Jul. 8, 2007

Saving the Earth with Rock and Roll

Well yesterday was 7/7/07 and the big Live Earth Concert which has saved us all just in the nick of time. By the middle of Madonna's second number, the Greenland Ice Sheet had started to refreeze and what with Al Gore's enormous investment in carbon offsets, we should all be laying in extra firewood for the cold winters ahead. Polar bears are celebrating.

Sarcasm aside, this whole event is quite depressing in the way it typifies our pathetic response to the very real climate crisis. Scientists like Monbiot and Lovelock are painting a very grim picture; according to the latter, we may already have passed the critical "tipping point" where the earth system is going into positive feedback through reduced albedo and released methane from the melting of the Canadian and Siberian permafrost. People at all levels, even the thickest of politicians, are finally facing the facts, about twenty years too late.

But what are we doing about it? Putting in flourescent bulbs mostly. And on the political level, setting ambitious "targets" decades in the future, targets without concrete plans in most cases.

And, oh yeah, holding rock concerts. A really good article from the online Daily Mail has the following snippet;

A Daily Mail investigation has revealed that far from saving the planet, the extravaganza will generate a huge fuel bill, acres of garbage, thousands of tonnes of carbon emissions, and a mileage total equal to the movement of an army.

The most conservative assessment of the flights being taken by its superstars is that they are flying an extraordinary 222,623.63 miles between them to get to the various concerts - nearly nine times the circumference of the world. The true environmental cost, as they transport their technicians, dancers and support staff, is likely to be far higher.

The total carbon footprint of the event, taking into account the artists' and spectators' travel to the concert, and the energy consumption on the day, is likely to be at least 31,500 tonnes of carbon emissions, according to John Buckley of Carbonfootprint.com, who specialises in such calculations.

But take solace in the fact that they've bought all kinds of guilt removing "carbon offsets."

The hard fact is that if we can stop this warming at all (which is doubtful, curly light bulbs or no) it can only be done by massively scaling back our (meaning the rich countries) lifestyles. Use less power, travel less, consume less. In many cases it may not hurt to eat less. Nobody wants to face up to that yet, and probably won't until Mother Nature scales back our lifestyles for us, the hard way.


Anonymous said...

Haha. I love the 24-Hour Fitness photo. Another sad thing about those places is that people will also circle the parking lot several times until they get a parking spot that is close to the entrance. Heaven forbid they should have to WALK (hello! free exercise!) across the parking lot in order to work out.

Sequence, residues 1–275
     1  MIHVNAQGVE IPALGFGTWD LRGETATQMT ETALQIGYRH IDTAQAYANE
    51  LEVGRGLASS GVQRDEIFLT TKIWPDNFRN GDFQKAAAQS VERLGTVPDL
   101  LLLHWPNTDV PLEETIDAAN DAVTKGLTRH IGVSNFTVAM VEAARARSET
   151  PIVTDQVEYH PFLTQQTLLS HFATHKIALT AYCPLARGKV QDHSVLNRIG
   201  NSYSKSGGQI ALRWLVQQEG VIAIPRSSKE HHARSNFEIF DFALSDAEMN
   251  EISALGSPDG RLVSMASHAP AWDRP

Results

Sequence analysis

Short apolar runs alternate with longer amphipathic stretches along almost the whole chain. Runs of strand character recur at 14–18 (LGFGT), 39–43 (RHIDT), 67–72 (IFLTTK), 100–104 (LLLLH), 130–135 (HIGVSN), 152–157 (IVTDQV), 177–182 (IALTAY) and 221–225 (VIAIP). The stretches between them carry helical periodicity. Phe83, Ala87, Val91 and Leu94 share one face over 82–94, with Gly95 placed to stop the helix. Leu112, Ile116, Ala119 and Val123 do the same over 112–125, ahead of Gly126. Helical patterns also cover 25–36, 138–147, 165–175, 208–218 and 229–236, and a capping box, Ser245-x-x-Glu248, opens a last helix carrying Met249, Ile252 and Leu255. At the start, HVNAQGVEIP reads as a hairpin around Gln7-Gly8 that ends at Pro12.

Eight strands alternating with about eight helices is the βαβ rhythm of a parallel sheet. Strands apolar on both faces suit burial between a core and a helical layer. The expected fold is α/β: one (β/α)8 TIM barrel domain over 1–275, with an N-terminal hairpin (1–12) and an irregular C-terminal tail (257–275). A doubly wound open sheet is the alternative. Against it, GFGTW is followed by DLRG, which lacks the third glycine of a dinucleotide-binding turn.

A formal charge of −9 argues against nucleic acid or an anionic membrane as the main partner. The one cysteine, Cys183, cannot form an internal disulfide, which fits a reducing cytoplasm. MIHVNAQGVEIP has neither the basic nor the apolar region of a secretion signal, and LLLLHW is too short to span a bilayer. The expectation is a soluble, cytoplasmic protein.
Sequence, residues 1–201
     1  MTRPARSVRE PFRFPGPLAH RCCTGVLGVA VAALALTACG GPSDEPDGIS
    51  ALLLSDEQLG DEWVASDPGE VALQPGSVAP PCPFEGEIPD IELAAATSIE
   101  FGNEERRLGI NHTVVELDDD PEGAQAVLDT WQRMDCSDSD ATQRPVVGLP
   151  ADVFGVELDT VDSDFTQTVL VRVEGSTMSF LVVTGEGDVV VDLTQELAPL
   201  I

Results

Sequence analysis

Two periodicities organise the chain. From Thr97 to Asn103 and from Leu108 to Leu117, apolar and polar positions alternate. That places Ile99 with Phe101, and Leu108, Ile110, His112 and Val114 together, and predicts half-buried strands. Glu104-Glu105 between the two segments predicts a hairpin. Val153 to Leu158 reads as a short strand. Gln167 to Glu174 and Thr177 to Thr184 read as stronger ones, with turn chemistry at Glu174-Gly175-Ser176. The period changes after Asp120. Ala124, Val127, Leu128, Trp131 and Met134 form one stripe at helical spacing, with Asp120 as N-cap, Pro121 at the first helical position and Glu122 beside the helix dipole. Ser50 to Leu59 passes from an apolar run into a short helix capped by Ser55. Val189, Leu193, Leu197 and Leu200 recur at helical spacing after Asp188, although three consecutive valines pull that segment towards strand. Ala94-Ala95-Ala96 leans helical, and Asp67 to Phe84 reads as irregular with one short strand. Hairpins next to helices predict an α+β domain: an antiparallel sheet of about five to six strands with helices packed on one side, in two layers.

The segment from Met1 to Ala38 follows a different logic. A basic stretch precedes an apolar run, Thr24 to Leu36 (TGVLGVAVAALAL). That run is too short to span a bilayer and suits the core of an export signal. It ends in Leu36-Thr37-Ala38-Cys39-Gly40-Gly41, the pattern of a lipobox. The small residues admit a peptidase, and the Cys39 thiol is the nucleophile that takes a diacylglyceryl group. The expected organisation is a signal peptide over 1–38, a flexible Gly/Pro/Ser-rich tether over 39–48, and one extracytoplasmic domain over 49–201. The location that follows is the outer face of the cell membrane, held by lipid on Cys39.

Tom said...

You are right, of course. But humans need of a lot of being whacked over the head to get their attention. I think this big, burly concert thing was necessary. A necessary failure so that we can get to some more-sensible bleetings about what will befall us so that we may divert the 6-billion-ton ship of Western culture a little away from melting iceburg.

The most we can hope for is something astoundingly significant: a slightly less painful catastrophic Dark Ages.

glenn fitzgerald said...

Punnadhammo, you don't have to be completely despairing about the politics of the environment. That is because the whole of politics in the U.S may be undergoing a giant upheaval.

You might find one particular comment I made on Blogs Canada a hopeful challenge to your pessimism. So here it is:


"Koby, you really need to see Moore's counter-attack on CNN, where Moore skewered Gupta's "facts."

Here is the link:


You also need to track Kieth Olberman's site:


Olberman and to some extent Moore seem to be forming the center of a huge revolt brewing in the United States against it's political system and elites. This revolt is just now gathering momentum.

A few recent commentary videos of Olberman on MSNBC had me riveted in my seat. Those commentaries likely rate as the most powerfully and passionately delivered ever in American history. And I don't think I'm exaggerating. Go to the following links and you might see what I mean:



I think it's just possible that revolt might turn the American Republic away from the strange and suicidal course it has of the recent decade embarked on at the behest of neo-conservative ideology.

The gathering revolt against the established political order bears watching---who knows that it won't lead to a new health care system in the U.S. Who knows that the revolt won't lead to a completely new kind of government in Washington."



The "organic" whole of established politics has to change before anything really significant happens to force governments to really address the environment.

So, that's the good news, Punnadhammo.

You might also track Blogs Canada. I can promise you that in the coming weeks and months some impassioned attacks on the Canadian media and political scene will also gather steam.

Glenn Fitzgerald.

solitaire said...

I was just listening to a BBC radio programme this morning on obesity. It struck me quite hard as i had just watched James Nachtwey's film "War Photographer" the night before. Half the world is struggling with poverty and starvation, and the other half is combating obesity and heart (in every sense of the word) disease.

glenn fitzgerald said...


scott said...

Sentiments, please stop flying